Deadly Tasting by Jean-Pierre Alaux and Noël Balen is the first book I've read in the Wine Detective novels which were also made into a series for French television. The edition I read was from Le French Book, a publisher which is making current popular French fiction available in English. I received my copy from Net Galley, and here is my review.
Due to my B.A. in history, my favorite type of mystery is one that involves history. When I found out that this particular volume in the Wine Detective series had to do with World War II, I was hooked. Despite the fact that I have read other books taking place in France during World War II, Alaux and Balen had things to teach me about that period of French history through their engaging mystery plot. I learned about organizations for Nazi collaborators. I found out about the weinführers whose mission was to send all the best French wines back to Germany, and a Portuguese diplomat who saved 30,000 Jews. You can find out more about him from the linked article on the Yad Vashem website. Yad Vashem is the Israeli Holocaust museum.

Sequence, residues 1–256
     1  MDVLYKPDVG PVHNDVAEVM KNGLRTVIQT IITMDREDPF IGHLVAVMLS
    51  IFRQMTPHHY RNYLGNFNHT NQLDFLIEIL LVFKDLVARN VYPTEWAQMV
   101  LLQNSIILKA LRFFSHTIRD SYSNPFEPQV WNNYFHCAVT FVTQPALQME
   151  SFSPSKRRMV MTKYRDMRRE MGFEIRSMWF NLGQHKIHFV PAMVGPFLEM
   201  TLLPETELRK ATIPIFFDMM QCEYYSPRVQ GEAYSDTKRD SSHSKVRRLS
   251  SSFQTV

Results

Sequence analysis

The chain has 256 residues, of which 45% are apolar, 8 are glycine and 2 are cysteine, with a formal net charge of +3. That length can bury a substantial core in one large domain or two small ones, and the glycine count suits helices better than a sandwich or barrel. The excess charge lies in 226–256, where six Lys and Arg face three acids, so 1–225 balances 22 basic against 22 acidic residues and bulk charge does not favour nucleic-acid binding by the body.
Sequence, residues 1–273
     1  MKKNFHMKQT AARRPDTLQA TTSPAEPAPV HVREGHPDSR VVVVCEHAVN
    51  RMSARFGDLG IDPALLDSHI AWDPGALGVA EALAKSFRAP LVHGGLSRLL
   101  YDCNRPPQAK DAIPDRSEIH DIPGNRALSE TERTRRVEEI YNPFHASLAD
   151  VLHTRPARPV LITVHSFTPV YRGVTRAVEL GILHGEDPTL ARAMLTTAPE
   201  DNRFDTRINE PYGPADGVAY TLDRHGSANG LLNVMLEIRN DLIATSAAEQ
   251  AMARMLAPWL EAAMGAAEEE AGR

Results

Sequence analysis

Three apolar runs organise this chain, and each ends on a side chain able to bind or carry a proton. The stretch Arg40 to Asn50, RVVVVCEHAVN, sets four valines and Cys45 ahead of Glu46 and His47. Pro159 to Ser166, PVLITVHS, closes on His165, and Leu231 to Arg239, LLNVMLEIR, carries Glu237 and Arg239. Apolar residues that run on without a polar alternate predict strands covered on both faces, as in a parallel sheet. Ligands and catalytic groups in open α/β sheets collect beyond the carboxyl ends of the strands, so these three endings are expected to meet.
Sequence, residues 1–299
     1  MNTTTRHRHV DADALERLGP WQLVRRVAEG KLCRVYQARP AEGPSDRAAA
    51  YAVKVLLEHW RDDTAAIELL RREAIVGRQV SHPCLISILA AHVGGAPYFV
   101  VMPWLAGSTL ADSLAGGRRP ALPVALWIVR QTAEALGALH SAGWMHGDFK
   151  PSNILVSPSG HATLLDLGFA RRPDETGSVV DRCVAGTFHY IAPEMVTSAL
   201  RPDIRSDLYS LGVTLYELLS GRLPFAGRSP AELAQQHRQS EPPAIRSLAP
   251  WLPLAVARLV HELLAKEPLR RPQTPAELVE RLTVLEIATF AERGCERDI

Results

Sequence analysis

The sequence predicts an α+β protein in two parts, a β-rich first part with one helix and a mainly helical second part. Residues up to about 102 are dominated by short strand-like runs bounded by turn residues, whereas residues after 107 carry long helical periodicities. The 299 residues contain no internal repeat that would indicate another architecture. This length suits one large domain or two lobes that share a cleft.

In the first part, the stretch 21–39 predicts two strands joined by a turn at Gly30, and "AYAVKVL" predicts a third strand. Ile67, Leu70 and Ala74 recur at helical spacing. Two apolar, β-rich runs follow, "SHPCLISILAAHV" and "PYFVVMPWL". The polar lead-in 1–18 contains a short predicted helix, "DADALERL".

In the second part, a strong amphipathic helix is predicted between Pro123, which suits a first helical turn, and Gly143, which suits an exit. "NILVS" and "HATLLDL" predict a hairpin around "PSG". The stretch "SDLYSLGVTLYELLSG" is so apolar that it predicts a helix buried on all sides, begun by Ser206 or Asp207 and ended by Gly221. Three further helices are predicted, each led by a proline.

So how could wine be a clue to a murderous grudge that goes back to Vichy France? The murderer left twelve wine glasses at the scene of every crime with an ever increasing number of them filled with wine. The Wine Detective, Benjamin Cooker, was called in by police to identify the vintage and the case develops from there.
The authors show that when terrible crimes are kept secret, the buried truth can surface even decades later to trouble both the living and the dead. The mystery turned out to be somewhat predictable, but I appreciated the insights of the Wine Detective about history, humanity and wine. I hope to discover other books in this series that interested me as much as this one.